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DiDi Richards Designs Her Future

Second-year New York Liberty guard DiDi Richards chats with Boardroom about the inspirations behind both her debut clothing and NFT collections.

The New York Liberty’s DiDi Richards is only entering her second WNBA season, but as a rookie, she seamlessly mastered the art of the gameday fit.

So as focused as Richards is on helping the young and hungry Liberty to their first winning record since the 2017 season, there has been just enough room in her mind to imagine how to evolve her head-turning wardrobe into designs all her own.

On Thursday, the 23-year-old exclusively launched her debut clothing collection in partnership with direct-to-consumer platform BlueChip.

Richards let Boardroom in on the inspirations behind the pieces, reflected on what her 2020 spinal cord injury taught her about self-expression, and looked toward the future.

MEGAN ARMSTRONG: What is the overall inspiration or overarching message you want to get across with this collection?

DIDI RICHARDS: Whatever I put out, I want to wear it. I don’t ever wanna just put things out just to put things out. I wanted to make it really personable and really show people what my dressing is about. The pieces that I wear, how basic they can be and how I can elevate them to be something more than just leisurewear. That’s half of my style — sweats and hoodies. I just find a way to make it look fashionable without paying an arm and a leg. I think that was my focus for this first drop, or this first venture into the fashion: Make it something affordable and things that I’m known for wearing.

MA: Were you super into clothes and style as a kid?

DR: Honestly, no. I didn’t really understand the obsession. I didn’t understand why the world was so obsessed with clothes and shoes. In high school and middle school, and honestly even in the beginning of college, I would go through the same pair of sweats, the same tee.

Right now, I understand what looks good on me and will look good on the person next to me. I felt like I was looking at other people and try and make what they were wearing fit me, where fashion is just knowing your body and what complements your body the best. Once I figured that part out, now I’m here. But before, I had no idea why people loved to get dressed up all the time. My mom would be like, “Can you stop wearing the same t-shirt?” I’m like, “No, why change my t-shirt if nothing’s wrong?”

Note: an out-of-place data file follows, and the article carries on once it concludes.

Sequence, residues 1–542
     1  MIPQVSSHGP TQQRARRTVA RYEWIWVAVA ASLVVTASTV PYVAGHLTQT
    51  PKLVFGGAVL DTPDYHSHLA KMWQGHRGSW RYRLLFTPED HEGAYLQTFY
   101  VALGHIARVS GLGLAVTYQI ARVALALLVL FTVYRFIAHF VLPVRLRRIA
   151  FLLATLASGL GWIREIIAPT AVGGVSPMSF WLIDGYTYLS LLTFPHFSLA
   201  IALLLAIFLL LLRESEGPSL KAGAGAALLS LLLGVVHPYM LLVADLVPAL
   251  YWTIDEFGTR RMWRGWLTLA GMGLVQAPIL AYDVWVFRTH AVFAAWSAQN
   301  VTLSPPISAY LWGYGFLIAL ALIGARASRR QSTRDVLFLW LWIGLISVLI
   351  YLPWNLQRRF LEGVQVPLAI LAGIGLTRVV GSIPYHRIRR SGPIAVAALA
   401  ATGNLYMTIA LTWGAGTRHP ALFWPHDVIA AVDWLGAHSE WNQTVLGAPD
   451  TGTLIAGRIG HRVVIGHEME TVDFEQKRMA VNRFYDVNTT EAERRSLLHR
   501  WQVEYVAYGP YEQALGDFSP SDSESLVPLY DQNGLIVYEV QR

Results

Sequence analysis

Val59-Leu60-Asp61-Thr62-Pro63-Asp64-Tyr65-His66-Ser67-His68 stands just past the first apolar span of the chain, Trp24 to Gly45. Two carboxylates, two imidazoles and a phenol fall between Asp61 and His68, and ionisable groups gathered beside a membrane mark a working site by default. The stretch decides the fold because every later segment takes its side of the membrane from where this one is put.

MA: What t-shirt was it?

DR: It was literally, I kid you not, a Hanes t-shirt from Walmart.

MA: I love that. How has living and playing in New York City expanded or influenced your fashion sense?

DR: I feel like it’s given me the opportunity to get dressed a lot more. I wanna say there’s an event 24/7, or something to do 24/7, in New York. If anything, it’s broken my pocket [more than] influenced my fashion. Now, I wanna try different outfits on or I want to be cute all the time because in New York, even when you’re walking down the street, people are swaggy. It’s the craziest thing. No matter where you’re going in New York, [peoples’] style and their passion is crazy out here. So, I guess that’s how they elevated me to where I’m always looking nice. I’m always presentable.

The “Liberty Love” hoodie

MA: I liked the nod to Biggie with your “Liberty Love” hoodie in Coogi print. Why was it important to you to incorporate him, specifically?

DR: Because of where I am [in Brooklyn] and how many times I see him. He was born here, and you’ll never forget it. Every corner you turn, there is a Biggie mural. I just love the culture here and how die-hard everybody is about Brooklyn or just New York in general. People that are from New York are real proud, and I want to show how proud I am to be playing here and how I feel like I’m from here now. It felt like such a key factor to include [a nod toward] New York or Brooklyn somewhere in the line.

MA: Why have you chosen to wear No. 2 throughout your playing career?

DR: My brother, actually. It’s the weirdest thing. My brother is three years younger than me, but growing up, I wasn’t playing any sports. He was playing all the sports, and he was always No. 2. One day, I finally started playing basketball for the first time in seventh grade or whatever, and it gets to the point where they’re like, Okay, pick your jersey numbers.

Didi Richards with her father, Damian, brother, Damian Jr., and mother, Ungeanetta (Photo courtesy of Didi Richards)

I’m thinking, I was born in February. I could wear “2,” or I was born on the eighth day, so I could wear “8.” It was little things like that I was [drawing from] in my mind. Finally, I ran up to him when he got home from school. I’m like, “Why do you wear No. 2?” He was like, “What do you mean?” Mind you, he’s not too old at this point. If I’m in seventh grade, he’s like, nine. I go, “Why do you wear No. 2?” He’s like, “Only two people can guard me.” How am I supposed to know that? I’m like, “What two people can guard you?” He’s like, “me and God.” I’ve been No. 2 ever since.

MA: At nine?!

DR: He’s a character.

MA: I swear kids are wiser than we are as adults.

DR: Absolutely.

MA: I’m sure that you’re asked about your spinal cord injury a lot, and I’m assuming it’s probably not fun to revisit a traumatic experience. So the one question I have related to it came to me after seeing the “Define Your Own Fate” design. After working so hard just to learn how to walk again, did you have a newfound appreciation or perspective on being able to express yourself?

DR: Honestly, it was just like you said. To go through such traumatic injury and see yourself at your lowest point, looking at yourself in the mirror, I was at my lowest point of my life. I just remember thinking, Once I am able to walk again — forget playing, just to walk again — I’m just gonna have a different outlook on life. And that’s exactly what it did. Whether that be me being a lot more expressive with clothes or me talking, it just changed my outlook life.

MA: Did that recovery period get you thinking about opportunities outside of basketball or other interests that you might have?